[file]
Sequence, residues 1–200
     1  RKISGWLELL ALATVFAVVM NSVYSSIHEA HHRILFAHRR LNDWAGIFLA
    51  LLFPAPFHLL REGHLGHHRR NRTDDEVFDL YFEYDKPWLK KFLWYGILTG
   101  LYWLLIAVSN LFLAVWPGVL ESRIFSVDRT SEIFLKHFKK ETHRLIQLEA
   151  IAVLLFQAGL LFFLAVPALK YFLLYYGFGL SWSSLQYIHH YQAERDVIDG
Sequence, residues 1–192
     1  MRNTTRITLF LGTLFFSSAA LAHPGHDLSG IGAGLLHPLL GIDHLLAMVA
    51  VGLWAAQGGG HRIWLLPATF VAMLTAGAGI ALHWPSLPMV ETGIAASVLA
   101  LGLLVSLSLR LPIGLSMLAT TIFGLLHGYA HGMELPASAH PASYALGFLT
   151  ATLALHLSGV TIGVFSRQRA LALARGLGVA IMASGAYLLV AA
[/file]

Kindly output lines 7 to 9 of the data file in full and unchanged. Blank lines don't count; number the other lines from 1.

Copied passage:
     1  MRNTTRITLF LGTLFFSSAA LAHPGHDLSG IGAGLLHPLL GIDHLLAMVA
    51  VGLWAAQGGG HRIWLLPATF VAMLTAGAGI ALHWPSLPMV ETGIAASVLA
   101  LGLLVSLSLR LPIGLSMLAT TIFGLLHGYA HGMELPASAH PASYALGFLT